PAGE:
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United States Department of Agriculture

Agricultural Research Service

Research Project: GENETIC IMPROVEMENT OF MAIZE AND PEARL MILLET FOR RESISTANCE TO INSECTS AND AFLATOXIN Title: Changes of oxidase and hydrolase activities in pecan leaves elicited by black pecan aphid (Hemiptera: Aphididae) feeding

Authors
item Chen, Yigen - UNIV OF GA/MICHIGAN STATE
item Ni, Xinzhi
item Cottrell, Ted
item Wood, Bruce
item Buntin, G. David - UNIV OF GA

Submitted to: Journal of Economic Entomology
Publication Type: Peer Reviewed Journal
Publication Acceptance Date: January 23, 2009
Publication Date: June 1, 2009
Citation: Chen, Y., Ni, X., Cottrell, T.E., Wood, B.W., Buntin, G. 2009. Changes of oxidase and hydrolase activities in pecan leaves elicited by black pecan aphid (Hemiptera: Aphididae) feeding. Journal of Economic Entomology 102:1262-1269.

Interpretive Summary: The black pecan aphid is a foliar feeder of pecan tree, which removes tree sap and causes chlorosis of leaflet lamina, physiological damage to foliage and trees, and commonly reduction of crop yield and quality. However, key aspects of this host-pest interaction are poorly understood. We report here the effects of black pecan aphid feeding on the foliar biochemical changes in relation to the degree of aphid resistance among pecan varieties. Two years of examinations showed that black pecan aphid infested foliage exhibited elevated peroxidase activity only in susceptible (‘Desirable’, ‘Sumner’ and ‘Schley’), but not in resistant (‘Cape Fear’, ‘Gloria Grande’ and ‘Money Maker’) genotypes. Susceptible genotypes also exhibited more leaf chlorosis in response to black pecan aphid feeding than resistant genotypes; however, the aphid feeding did not influence either catalase or esterase activity. Black pecan aphid feeding also influences activity of two lipoxygenase isozymes, with lipoxygenase-3 (LOX3) being more frequently induced than lipoxygenase-1 (LOX1). Foliar LOX3 activity in the moderately resistant ‘Oconee’ and in aphid-resistant ‘Money Maker’ and ‘Cape Fear’ was more frequently induced by the aphid feeding than in more susceptible genotypes. Therefore, elevation of peroxidase and LOX3 activities in susceptible varieties is likely to be associated with severe leaf chlorosis. These findings contribute to our understanding how the black pecan aphid injures pecan foliage, and may also be used to develop enzyme markers for identifying aphid resistance and/or susceptibility in pecan germplasm.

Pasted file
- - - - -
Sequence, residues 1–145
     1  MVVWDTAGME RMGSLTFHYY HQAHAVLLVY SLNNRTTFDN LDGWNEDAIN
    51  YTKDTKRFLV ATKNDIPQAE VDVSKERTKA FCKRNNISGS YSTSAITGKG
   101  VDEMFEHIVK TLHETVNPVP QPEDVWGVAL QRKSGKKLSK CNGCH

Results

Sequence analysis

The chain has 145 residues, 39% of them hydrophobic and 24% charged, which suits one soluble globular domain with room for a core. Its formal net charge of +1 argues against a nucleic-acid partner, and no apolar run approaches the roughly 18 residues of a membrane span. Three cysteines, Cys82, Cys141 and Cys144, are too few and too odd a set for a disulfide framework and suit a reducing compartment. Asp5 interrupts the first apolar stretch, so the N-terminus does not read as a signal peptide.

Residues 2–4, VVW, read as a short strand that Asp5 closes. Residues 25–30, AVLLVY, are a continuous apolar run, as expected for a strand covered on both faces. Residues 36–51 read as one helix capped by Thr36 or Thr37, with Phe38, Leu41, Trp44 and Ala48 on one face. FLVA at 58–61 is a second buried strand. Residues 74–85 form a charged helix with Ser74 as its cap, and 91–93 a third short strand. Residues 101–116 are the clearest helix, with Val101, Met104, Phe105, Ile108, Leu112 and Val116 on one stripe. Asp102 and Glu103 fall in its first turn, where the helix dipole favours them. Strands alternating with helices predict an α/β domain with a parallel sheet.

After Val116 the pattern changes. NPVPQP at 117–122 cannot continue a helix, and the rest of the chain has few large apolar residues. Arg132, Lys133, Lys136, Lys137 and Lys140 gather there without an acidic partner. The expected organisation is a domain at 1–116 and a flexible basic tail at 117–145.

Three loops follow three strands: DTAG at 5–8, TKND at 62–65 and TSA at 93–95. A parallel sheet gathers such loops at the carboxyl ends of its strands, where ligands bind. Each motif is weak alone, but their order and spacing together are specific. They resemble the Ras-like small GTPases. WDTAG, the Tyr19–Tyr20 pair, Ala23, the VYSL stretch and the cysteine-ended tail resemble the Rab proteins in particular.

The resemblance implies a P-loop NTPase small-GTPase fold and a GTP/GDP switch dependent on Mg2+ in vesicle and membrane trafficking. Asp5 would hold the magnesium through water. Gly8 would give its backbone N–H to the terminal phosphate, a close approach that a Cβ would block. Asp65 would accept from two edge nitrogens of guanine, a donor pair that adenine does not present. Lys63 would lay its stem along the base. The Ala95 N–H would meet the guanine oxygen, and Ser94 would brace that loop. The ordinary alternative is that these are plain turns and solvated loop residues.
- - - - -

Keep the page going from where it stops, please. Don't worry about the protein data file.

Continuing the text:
Technical Abstract: The black pecan aphid, Melanocallis caryaefoliae (Davis) (Hemiptera: Aphididae), is a foliar feeder of pecan, Carya illinoinensis (Wangenh.) K. Koch (Juglandaceae). The pest causes chlorosis of leaflet lamina, physiological damage to foliage and trees, and commonly limits the profitability of commercial pecan orchard enterprises. However, key aspects of this host-pest interaction are poorly understood. We report here the effects of M. caryaefoliae feeding on the foliar activity of oxidative (i.e., catalase, lipoxygenase 1 and 3, and peroxidase) and hydrolytic (i.e., esterase) enzymes in relation to the degree of aphid resistance among pecan varieties. The two-year study showed that M. caryaefoliae infested foliage exhibited elevated peroxidase activity only in susceptible (‘Desirable’, ‘Sumner’ and ‘Schley’), but not in resistant (‘Cape Fear’, ‘Gloria Grande’ and ‘Money Maker’) genotypes. Susceptible genotypes also exhibited more leaf chlorosis in response to M. caryaefoliae feeding than the resistant genotypes; however, the aphid feeding did not influence catalase or esterase activity. Melanocallis caryaefoliae feeding also influences activity of two lipoxygenase isozymes, with lipoxygenase-3 (LOX3) being more frequently induced than lipoxygenase-1 (LOX1). Foliar LOX3 activity in the moderately resistant ‘Oconee’ and highly resistant Money Maker and Cape Fear was more frequently induced by M. caryaefoliae feeding than in the susceptible genotypes. Therefore, elevation of peroxidase and LOX3 activities in susceptible varieties is likely to be associated with severe leaf chlorosis. These findings contribute to our understanding of the etiology of M. caryaefoliae-elicited leaf chlorosis on pecan foliage. Such information may also be used to develop enzyme markers for identifying black pecan aphid resistance and/or susceptibility in pecan germplasm.

Last Modified: 10/21/2014